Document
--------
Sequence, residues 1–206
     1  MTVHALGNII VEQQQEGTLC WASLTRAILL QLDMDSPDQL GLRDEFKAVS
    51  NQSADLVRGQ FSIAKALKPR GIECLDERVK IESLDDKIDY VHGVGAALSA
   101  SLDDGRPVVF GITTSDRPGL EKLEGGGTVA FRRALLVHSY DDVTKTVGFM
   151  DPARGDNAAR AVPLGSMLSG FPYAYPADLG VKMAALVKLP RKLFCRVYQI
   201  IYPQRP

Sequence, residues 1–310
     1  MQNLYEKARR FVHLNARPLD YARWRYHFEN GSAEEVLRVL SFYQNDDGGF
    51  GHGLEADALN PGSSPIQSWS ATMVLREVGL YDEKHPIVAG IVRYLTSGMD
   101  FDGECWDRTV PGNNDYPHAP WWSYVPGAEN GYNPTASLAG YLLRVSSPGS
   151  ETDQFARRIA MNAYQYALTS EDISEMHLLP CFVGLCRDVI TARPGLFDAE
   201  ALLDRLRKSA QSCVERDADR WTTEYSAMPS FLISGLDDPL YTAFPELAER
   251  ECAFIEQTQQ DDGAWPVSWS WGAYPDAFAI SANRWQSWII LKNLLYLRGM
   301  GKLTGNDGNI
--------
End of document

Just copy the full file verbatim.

Sequence, residues 1–206
     1  MTVHALGNII VEQQQEGTLC WASLTRAILL QLDMDSPDQL GLRDEFKAVS
    51  NQSADLVRGQ FSIAKALKPR GIECLDERVK IESLDDKIDY VHGVGAALSA
   101  SLDDGRPVVF GITTSDRPGL EKLEGGGTVA FRRALLVHSY DDVTKTVGFM
   151  DPARGDNAAR AVPLGSMLSG FPYAYPADLG VKMAALVKLP RKLFCRVYQI
   201  IYPQRP

Sequence, residues 1–310
     1  MQNLYEKARR FVHLNARPLD YARWRYHFEN GSAEEVLRVL SFYQNDDGGF
    51  GHGLEADALN PGSSPIQSWS ATMVLREVGL YDEKHPIVAG IVRYLTSGMD
   101  FDGECWDRTV PGNNDYPHAP WWSYVPGAEN GYNPTASLAG YLLRVSSPGS
   151  ETDQFARRIA MNAYQYALTS EDISEMHLLP CFVGLCRDVI TARPGLFDAE
   201  ALLDRLRKSA QSCVERDADR WTTEYSAMPS FLISGLDDPL YTAFPELAER
   251  ECAFIEQTQQ DDGAWPVSWS WGAYPDAFAI SANRWQSWII LKNLLYLRGM
   301  GKLTGNDGNI